Jon  Hendl's picture

It’s Time to Resurrect the Public Health Focus on Smoking

Fifty years ago, the first ever U.S. Surgeon
General’s report on smoking
on [[wysiwyg_imageupload:172:]]health was released. Among other things, the report concluded that lung cancer and chronic obstructive pulmonary disease (COPD) are caused by smoking.

Fast forward to 2014, and we find that lung cancer is the leading cancer killer in the United States, claiming 158,000 lives annually, and COPD is the nation’s third leading cause of death, claiming 134,000 Americans annually. As diseases like breast cancer adorn the jerseys of professional players, lung cancer and its primary cause – smoking – can’t even get an invitation to a try out.

As adults, we all know smoking is bad and that kids shouldn’t start. But the movement to prevent addiction and treat the deadly cancer has stalled over the last 10 years. The implications heighten when considering a recent Surgeon General’s report declaring that the risks posed by smoking extend beyond cancer – linking to a range of conditions including diabetes and age-related macular degeneration, among others.   Yet, according to the American Lung Association’s (ALA) 2014 State of Tobacco Report

  • 40 states and the District of Columbia fail to fund tobacco prevention and cessation programs at even half of what the U. S. Centers for Disease Control (CDC) and Prevention recommends.
  • Only two states provide comprehensive tobacco cessation benefits to Medicaid employees – a population who has the highest smoking rate and costs states $13.3 billion annually in smoking related illnesses.

Failure to effectively maintain funding for smoking prevention programs ranks among the greatest public health deficiencies in our country. And, unlike other public health issues, there’s actually a formula for success.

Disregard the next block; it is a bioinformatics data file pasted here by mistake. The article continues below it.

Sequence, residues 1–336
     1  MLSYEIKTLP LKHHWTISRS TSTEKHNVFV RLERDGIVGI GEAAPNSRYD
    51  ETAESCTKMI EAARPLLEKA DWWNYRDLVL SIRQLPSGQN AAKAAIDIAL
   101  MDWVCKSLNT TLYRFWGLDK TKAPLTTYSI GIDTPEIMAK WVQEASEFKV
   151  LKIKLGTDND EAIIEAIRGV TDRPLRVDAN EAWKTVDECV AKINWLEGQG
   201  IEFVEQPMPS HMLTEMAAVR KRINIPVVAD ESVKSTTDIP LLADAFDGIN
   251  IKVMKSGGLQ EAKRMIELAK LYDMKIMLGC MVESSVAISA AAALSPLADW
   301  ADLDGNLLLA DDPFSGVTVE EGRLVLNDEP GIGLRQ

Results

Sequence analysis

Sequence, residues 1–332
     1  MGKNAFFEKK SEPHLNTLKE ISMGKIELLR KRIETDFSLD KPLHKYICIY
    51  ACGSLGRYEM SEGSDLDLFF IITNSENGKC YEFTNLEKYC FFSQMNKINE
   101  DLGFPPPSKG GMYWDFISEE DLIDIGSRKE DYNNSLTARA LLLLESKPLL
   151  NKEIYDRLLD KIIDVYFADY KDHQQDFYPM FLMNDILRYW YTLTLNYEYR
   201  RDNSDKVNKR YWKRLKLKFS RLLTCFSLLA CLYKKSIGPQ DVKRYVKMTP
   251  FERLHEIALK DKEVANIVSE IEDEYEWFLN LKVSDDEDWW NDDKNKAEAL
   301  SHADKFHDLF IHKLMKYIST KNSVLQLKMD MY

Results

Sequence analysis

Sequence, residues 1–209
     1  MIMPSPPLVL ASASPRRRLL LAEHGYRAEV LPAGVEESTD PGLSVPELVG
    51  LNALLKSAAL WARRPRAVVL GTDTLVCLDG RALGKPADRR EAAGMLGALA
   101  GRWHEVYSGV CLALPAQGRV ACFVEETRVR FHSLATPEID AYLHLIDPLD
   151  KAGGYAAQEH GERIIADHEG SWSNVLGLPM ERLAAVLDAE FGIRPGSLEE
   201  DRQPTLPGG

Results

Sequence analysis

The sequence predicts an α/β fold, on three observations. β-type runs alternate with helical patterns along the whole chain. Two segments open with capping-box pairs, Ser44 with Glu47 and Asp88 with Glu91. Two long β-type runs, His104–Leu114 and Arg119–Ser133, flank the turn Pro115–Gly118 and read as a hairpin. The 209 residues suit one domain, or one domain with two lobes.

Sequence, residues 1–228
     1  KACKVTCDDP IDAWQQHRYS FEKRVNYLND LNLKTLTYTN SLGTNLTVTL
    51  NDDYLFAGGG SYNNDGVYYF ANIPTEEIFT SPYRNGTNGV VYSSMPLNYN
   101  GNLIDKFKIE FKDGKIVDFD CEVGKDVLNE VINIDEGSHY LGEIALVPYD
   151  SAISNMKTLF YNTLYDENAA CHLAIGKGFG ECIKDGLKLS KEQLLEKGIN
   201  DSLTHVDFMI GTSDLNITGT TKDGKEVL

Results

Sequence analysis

The CDC has an evidence-based blueprint and specific funding recommendations. For years, states were reluctant to invest in the programs, claiming there just wasn’t a budget to support such a program. But all that changed in 1998, when 46 states won the biggest monetary settlement in U.S. history to help prevent kids from starting and to compensate for, and address, smoking-related medical costs incurred by states.  

Some states did decide to invest in these programs, rarely at the CDC-recommended levels. Few states came within 50% of the budget recommendations from the CDC and some invested nothing at all. Even still, programs were able to empower kids, help people quit and create smoke-free communities.

In Washington State, for example, the state saved $5 in tobacco-related hospitalization costs for every $1 spent on prevention. California’s program saved more than $55 in health care cost savings for every $1 invested from 1989 to 2008.

Many of these programs now cease to exist or have just enough money to keep the lights on. And it’s not as if tobacco-related revenue has “dried up” in states. Cigarette tax revenue represents one of the most lucrative and stable funding sources. The ALA estimates that states will generate nearly $25 billion in tobacco-related revenue this year.

To put that in perspective, New Jersey has one of the highest cigarette taxes in the nation which will generate nearly $700 million in taxes this year. Yet the state is investing a total of $0 in prevention programs.

So what’s the solution? According to the CDC, states should invest between $9.23 and $18.02 per capita. The CDC further concludes that if states made and maintained that investment for five years, it would result in 5 million fewer smokers. Apply that formula to breast cancer, HIV/AIDS, diabetes or heart attacks, and states would sign on the dotted line tomorrow. So why have we stopped investing in tobacco prevention?

As public relations professionals, we’re constantly asked by our clients to quantify the return on investment (ROI) on programs. These programs have a proven approach, quantifiable metrics with a positive ROI, address a huge state fiduciary issue (Medicaid costs) and save lives.

Tobacco prevention, as an issue, has stalled. I’m not sure if people think it’s “solved.” Perhaps it’s no longer “trendy.” Regardless of the reason, we as communicators need to uncover new and innovative ways to tell this story. As storytellers and problem solvers, we have an obligation to take on the most difficult business and societal challenges. For tobacco control, that means finding greater relevance to today’s broader societal issues, and creating a value proposition that will unify our leaders, public health officials, philanthropists and communities around a common theme to invest in tobacco prevention.

The Health Consequences of Smoking—50 Years of Progress can be accessed at